Developing software has compared to other engineering disciplines a great advantage in testability. We can automatically test our whole product within a short period of time and after every change we did. Comparing this to quality testing, for example in mechanical engineering, reveals, that we can save a lot of time and test more often even during development. This provides us a quality assurance with high performance compared to other disciplines.
Repeatability in tests
To gain this performance we have to write tests with certain properties. Andy Hunt and David Thomas, and in the newer version also Jeff Langr, describe in their book Pragmatic Unit Testing the A-TRIP or FIRST properties of tests. Both sets are comparable and both contain repeatability, which provides reliable results between test runs. This is a property which is also required in simulations.
Repeatability in simulations
Given the same inputs, and the same version, a simulation must produce the same output. In fields, where simulations should cover a certain amount of uncertainty, like in traffic simulations, randomness is introduced to model human decision making. The simulations are designed as a kind of a monte carlo experiment.
As randomness in general is not repeatable, pseudo randomness is used. This means, a random number generator with a specified seed is used to provide reproducible experiments. As long as the seed is equal, the simulation should produce the same output. After the seed has been changed, the simulation might produce another output.
Using controlled random number generators is one aspect to reproduce results of earlier experiments. Another aspect is avoiding to use data structures, that store data in an uncontrolled way, like HashMaps. As HashMap might change to order of the stored objects during a rehash. Due to this, the iteration order at different times during the execution of the program might be different. This is also mentioned in the JavaDoc comment.
This class makes no guarantees as to the order of the map; in particular, it does not guarantee that the order will remain constant over time.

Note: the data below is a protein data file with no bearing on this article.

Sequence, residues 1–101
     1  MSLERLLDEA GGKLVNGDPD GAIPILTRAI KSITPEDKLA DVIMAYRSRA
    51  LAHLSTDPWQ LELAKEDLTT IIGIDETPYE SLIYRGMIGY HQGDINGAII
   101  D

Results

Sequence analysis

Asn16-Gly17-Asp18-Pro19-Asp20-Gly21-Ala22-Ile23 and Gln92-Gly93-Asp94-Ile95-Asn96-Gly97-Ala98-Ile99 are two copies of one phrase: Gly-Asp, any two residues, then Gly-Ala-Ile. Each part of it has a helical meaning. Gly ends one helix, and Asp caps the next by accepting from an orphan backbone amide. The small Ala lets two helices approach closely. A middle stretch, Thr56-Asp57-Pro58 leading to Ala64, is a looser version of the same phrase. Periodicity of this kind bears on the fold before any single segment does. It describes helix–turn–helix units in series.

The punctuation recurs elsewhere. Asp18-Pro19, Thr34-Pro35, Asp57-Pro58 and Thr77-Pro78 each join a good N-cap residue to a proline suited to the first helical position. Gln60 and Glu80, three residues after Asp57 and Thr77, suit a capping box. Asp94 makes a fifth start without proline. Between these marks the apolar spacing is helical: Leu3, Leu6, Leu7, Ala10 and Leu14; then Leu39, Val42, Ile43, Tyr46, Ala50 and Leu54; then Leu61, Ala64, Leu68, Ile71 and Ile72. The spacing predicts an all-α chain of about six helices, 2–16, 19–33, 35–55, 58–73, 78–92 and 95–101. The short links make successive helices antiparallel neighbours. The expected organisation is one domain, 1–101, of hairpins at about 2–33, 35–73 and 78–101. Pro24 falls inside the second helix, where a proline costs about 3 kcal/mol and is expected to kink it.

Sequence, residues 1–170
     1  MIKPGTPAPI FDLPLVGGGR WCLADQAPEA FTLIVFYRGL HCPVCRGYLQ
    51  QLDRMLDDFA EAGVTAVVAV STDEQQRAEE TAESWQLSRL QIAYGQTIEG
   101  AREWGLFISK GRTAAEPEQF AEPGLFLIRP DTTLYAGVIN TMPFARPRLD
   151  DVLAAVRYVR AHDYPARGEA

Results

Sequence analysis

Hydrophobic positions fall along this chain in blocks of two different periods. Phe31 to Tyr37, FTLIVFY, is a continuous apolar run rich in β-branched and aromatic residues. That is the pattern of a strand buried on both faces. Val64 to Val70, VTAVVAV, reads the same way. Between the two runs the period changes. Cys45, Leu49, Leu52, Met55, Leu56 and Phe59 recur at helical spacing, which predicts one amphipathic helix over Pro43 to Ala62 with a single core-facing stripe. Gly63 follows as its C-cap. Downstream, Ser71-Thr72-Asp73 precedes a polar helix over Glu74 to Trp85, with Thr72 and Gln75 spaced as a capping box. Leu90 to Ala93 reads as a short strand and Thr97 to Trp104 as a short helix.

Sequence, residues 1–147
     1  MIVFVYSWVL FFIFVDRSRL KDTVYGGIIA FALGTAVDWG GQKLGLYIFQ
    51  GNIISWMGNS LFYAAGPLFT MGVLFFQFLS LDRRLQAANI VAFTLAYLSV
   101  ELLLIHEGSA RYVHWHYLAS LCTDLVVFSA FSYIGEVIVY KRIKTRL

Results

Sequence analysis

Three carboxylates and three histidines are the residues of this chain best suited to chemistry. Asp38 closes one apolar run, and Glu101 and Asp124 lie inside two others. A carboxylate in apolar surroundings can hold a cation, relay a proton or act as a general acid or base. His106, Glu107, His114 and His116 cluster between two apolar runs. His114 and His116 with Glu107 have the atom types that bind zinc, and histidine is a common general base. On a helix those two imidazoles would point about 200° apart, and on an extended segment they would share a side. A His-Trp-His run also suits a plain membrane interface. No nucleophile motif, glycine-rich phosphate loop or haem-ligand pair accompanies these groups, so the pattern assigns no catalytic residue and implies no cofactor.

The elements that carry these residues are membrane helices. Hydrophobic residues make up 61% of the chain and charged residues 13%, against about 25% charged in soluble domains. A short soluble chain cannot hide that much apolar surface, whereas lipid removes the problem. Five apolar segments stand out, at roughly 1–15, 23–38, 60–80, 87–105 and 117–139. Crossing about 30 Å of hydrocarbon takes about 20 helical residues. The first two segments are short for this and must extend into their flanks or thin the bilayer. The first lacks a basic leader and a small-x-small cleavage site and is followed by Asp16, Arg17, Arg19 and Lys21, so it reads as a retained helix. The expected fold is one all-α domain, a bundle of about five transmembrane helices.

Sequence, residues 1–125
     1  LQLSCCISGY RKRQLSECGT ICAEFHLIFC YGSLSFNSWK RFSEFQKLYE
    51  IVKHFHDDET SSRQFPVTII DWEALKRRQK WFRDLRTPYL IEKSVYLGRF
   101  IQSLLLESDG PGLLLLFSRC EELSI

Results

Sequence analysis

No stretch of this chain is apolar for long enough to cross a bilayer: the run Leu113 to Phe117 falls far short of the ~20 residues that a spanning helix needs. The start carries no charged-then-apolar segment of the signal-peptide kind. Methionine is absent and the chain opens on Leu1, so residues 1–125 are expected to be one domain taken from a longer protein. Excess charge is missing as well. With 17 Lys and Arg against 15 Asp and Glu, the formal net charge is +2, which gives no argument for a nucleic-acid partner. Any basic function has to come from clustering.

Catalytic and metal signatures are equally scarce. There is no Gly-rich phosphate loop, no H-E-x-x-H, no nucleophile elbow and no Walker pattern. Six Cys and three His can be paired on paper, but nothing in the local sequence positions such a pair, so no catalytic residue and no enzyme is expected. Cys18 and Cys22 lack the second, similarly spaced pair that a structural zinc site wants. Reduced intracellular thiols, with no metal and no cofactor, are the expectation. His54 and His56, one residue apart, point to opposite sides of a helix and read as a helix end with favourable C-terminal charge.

On the other side, HashMap is based on the hashCode Method of Object to store and distribute the objects in the internal data structure. As mentioned in the JavaDoc of hashCode, a hashCode must not be equal for the same object at different executions of the same application.
This integer need not remain consistent from one execution of an application to another execution of the same application.
The first aspect might not corrupt repeatability as long as the elements are added to the map in the same way and the rehashing does not change between the executions. The second aspect is only relevant when the application iterates over the map and might corrupt repeatability. In case only the lookup mechanism of the map is used, HashMap is just fine.
There are several alternatives which provide repeatable iteration order. When using comparable keys with a natural order, one can use TreeMap, which implements SortedMap. Entries implementing Comparable are sorted based on the compareTo method or a given Comparator. As long as the compare mechanism stays the same, the results will be repeatable.
If there is no natural order of elements or no order could be defined, one could use a LinkedHashMap. LinkedHashMap does not rely on comparable objects, but can store objects in the order they have been added. This results in repeatable simulation experiments as long as the input data is stored in the same order.
When your application must produce the same output given the same input, think twice which data structures you use. In case you want to iterate over the entries or keys of a Map, use an implementation which will provide a repeatable iteration order, like TreeMap or LinkedHashMap. The same applies in tests. Otherwise your tests may run on your machine, but fail on another one. So be sure to use the right data structure for the right task.